Archive for June, 2008

Jun 29 2008

Comfort Cooling with the Ground Sourced Heat Pump


comfort-cooling-units.jpg One of the options that attracted us to the Ground Sourced Heat Pump was that you could also use the return feed of cold water to cool the house in the summer. Although 2007 and 2008 have hardly been blistering summers, only three years ago everyone was talking of summers getting hotter and hotter. So two comfort cooling units were added to the heat pump order to cool bedrooms and the lounge.

But having decided to fit a heat recovery system since we bought the comfort cooling units we have to think about how we duct the whole system. After considerable discussion with those in the know, we have decided to duct the comfort cooling system separately. The Heat Recovery system has a “summer bypass” that is a thermostatic switch which cuts out the heat recover element if the ambient temperature goes over a certain level and we will set the comfort coolers to cut in at that same point – hopefully!

Of course all this means our super tilt and turn windows and trickle vents will be unnecessary and the idea of living in a house where you do not need to open windows is not going down well at present. Only by living with it will we see how it performs. 

Jun 28 2008

Heat Recovery pipework


heat-recovery-change-of-shape.jpg You can run the pipework in a variety of sizes. Main ducts are 150mm in diameter close to the unit, branching off to 125mm and then sometimes down to 100mm if you wish. In some tricky places you can use the rectangular equivalent of these round sizes to get round corners or reduce the size of pipwork that you are boxing in.

We finally gave in and decided to include two fitted cupboards which will hide pipe runs between the first and second floors and here the rectangular section is a neat space saver. 

Jun 27 2008

Heat Recovery Distribution


heat-recovery-distribution.jpg Here’s some 125mm diameter heat recovery pipework over the kitchen. It’s one thing working out what you need on paper, but working in 3D with the really thing is very different, and you find you are ordering more and more pipes, bends, connectors etc.

Initially we thought the best place for the heat recovery unit would be over the kitchen and bathrooms, but after working on it in that position for a day there was a sudden eureka moment when we realised that putting it on the other side of the house would shorten 2 of the 4 pipe systems (fresh air inlet and “wet” air exhaust) substantially so we remounted the unit and started our three dimensional puzzle afresh. 

Jun 24 2008

Heat Recovery


heat-recovery-unit.jpg We have been convinced that putting heat recovery in the house will improve the energy efficiency and air quality in the house. So here is the unit, which will take warm and smelly air from “wet rooms” such as the kitchen, bathroom, WC etc, take the heat out of it using a heat exchanger and transfer that heat into fresh air from outside that is then fed into the “dry” rooms, lounge, bedrooms etc.

Jun 21 2008

Surface Water pipe laying


surface-water-diggers-4th-july.jpg The ground workers are back and we can start putting the rain water pipes in to get rid of water from the roof. However, again after much reluctance we are going to add a little something else. Watch this space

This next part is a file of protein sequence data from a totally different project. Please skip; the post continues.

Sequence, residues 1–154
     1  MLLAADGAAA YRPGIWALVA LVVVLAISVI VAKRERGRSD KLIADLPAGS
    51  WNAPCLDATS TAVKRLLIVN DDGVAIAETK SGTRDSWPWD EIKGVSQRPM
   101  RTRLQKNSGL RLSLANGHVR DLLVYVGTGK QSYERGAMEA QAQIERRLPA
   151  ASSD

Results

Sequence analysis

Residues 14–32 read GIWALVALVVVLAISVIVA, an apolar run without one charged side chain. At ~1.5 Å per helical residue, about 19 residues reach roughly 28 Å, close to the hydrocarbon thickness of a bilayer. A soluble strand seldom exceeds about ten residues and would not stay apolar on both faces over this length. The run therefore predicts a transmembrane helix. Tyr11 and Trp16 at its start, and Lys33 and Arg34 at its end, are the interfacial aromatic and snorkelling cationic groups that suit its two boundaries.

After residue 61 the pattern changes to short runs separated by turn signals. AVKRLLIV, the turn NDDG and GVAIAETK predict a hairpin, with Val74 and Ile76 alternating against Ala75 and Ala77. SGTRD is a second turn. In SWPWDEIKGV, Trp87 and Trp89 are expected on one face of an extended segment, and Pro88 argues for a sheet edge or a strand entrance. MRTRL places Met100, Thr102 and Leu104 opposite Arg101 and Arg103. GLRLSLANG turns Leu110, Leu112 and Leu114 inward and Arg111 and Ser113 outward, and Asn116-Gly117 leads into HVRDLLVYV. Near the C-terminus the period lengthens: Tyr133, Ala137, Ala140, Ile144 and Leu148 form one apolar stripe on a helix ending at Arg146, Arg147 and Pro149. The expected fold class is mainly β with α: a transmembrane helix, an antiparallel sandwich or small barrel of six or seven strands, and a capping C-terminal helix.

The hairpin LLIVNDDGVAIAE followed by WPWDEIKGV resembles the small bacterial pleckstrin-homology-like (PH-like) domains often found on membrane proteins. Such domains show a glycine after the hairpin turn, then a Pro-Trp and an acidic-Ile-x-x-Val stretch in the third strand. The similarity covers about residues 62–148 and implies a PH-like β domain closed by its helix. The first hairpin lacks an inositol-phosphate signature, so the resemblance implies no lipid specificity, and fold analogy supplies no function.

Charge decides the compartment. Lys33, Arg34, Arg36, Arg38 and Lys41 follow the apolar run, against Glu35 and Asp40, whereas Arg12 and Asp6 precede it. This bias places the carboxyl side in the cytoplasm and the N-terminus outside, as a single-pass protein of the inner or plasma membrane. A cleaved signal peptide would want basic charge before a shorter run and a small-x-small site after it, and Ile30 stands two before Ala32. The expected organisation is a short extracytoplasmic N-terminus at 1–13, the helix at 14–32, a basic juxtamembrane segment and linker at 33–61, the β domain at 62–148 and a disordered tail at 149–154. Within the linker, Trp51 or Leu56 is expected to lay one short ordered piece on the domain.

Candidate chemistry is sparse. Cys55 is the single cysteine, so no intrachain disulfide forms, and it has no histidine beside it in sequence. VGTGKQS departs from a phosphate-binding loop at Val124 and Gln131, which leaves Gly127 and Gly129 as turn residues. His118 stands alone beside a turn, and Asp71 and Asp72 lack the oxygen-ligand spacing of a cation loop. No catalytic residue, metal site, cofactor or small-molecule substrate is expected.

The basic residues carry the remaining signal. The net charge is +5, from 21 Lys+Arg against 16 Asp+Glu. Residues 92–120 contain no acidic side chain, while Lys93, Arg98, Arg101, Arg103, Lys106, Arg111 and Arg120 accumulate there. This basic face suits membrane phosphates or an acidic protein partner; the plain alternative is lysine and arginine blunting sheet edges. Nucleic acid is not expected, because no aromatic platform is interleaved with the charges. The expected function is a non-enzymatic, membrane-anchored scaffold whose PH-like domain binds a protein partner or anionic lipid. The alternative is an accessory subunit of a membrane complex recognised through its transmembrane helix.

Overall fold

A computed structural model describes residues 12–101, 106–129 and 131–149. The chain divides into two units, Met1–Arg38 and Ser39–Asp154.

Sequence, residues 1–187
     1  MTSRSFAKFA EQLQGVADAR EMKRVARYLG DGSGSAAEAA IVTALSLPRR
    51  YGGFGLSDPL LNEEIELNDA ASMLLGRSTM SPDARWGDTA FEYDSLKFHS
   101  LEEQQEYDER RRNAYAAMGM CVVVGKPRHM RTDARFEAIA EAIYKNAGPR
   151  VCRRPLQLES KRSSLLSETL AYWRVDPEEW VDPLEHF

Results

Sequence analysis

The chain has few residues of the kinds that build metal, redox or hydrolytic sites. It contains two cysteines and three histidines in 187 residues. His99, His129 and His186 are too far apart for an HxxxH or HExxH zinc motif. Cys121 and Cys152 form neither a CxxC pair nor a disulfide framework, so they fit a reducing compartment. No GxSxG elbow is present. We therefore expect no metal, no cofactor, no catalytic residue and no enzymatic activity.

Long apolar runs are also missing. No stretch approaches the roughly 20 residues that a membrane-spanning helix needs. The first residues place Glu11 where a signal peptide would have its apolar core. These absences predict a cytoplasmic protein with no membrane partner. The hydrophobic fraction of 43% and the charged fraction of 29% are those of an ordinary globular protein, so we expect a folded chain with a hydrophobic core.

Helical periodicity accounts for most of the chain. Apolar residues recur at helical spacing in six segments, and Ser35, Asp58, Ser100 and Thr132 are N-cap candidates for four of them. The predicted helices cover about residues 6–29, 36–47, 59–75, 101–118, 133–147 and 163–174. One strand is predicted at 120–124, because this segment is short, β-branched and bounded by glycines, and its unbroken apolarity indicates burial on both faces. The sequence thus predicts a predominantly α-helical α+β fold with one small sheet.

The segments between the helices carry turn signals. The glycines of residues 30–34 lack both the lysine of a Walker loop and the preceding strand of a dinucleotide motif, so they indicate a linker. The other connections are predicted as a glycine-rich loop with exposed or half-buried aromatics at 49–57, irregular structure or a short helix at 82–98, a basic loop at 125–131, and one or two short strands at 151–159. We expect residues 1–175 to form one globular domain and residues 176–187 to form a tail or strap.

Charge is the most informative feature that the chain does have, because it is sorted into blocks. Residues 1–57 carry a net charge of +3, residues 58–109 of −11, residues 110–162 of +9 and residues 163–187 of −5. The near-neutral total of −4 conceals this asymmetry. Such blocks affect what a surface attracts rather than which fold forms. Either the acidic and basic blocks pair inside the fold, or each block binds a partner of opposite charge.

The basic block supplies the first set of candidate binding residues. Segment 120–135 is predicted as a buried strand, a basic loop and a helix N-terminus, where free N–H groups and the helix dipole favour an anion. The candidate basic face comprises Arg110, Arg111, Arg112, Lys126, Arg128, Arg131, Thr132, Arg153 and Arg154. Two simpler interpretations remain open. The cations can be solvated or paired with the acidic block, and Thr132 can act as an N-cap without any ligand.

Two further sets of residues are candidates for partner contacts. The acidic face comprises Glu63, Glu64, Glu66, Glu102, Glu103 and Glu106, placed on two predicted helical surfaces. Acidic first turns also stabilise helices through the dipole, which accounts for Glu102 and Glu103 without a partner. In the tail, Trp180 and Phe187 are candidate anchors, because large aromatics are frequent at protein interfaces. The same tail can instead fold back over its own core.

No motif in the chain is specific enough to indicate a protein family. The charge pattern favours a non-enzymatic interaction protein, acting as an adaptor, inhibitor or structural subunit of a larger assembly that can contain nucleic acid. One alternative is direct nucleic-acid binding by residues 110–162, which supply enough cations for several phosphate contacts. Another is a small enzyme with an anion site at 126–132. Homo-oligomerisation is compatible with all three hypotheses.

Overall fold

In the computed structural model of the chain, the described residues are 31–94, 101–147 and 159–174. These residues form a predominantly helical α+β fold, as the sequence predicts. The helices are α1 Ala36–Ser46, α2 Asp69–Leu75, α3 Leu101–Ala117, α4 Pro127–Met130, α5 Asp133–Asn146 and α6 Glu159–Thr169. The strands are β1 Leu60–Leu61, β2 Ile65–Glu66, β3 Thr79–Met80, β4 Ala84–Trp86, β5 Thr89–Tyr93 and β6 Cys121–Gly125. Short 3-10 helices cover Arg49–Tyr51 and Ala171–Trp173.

Jun 20 2008

Sedum plants on the green roof


roof-sedum-close-up-two.jpg Here is our last close up for now. We will try to get up with a ladder to keep you updated later in the summer.

Jun 20 2008

Sedum roof plants again.


roof-sedum-close-up-six.jpg From our close up collection of the sedum roof before the scaffold came down, more Yellow ones

Jun 19 2008

Ground Source Heat Pump manifolds


ground-source-manifold-for-ground-loops.jpg As we have two ground source loops in 32mm pipe coming into the house, they will have to be joined up, or “manifolded” as a plumber would say into 38mm pipe. Here is the neat manifold that comes in the kit from the heat pump suppliers with shut off taps. There is one manifold for the incoming “warm” water/glycol mix at about 12 degrees C and one for the returning cold water which will typically be around -5 degrees C.

Jun 18 2008

Ground Source Heat Pump pipes go into the house


ground-source-sleeving-armaflex.jpg So now the scaffold is down we have unfettered access to the outside of the house and can bring the ground source heat pump loops inside. The 32mm groud loop pipe has to be sleeved with closed cell foam for the last few metres as it approaches the house because it will be running at well below zero on the return side and could freeze the ground or any water pipes near it. Each 2 metre length of “Armaflex” is glued to the next with contact adhesive applied with a brush. You must use Armaflex because other plumbing products are not closed cell and will allow water into their structure which will freeze. Armaflex is available as a tube or a tube with a slit down the side. It is better to use the version without the slit and slide it on before you pass the pipes into the house if you can organise this.

We also  decided to give some mechanical protection to the Armaflex by sliding 85mm land drain pipe over it. Not the easiest of jobs due to the natural curve in the pipe and in the end we cut the 3 metres of pipe we needed into three bits to slide each one over.

Jun 16 2008

Rain drains One.


surface-water-in-front-of-house-16th-june-2008.jpg The outside of the house is leveled up and a perforated pipe is put in at the house boundary, backfilled with 20mm rejects and then covered with Teram (geotextile membrane) to create a land drain or “French Drain” to help keep the lawn dry in heavy rains. This will be hooked up to the rain water drain and then fed into our next bit of fun, a rainwater recovery system for toilet and washing machine use.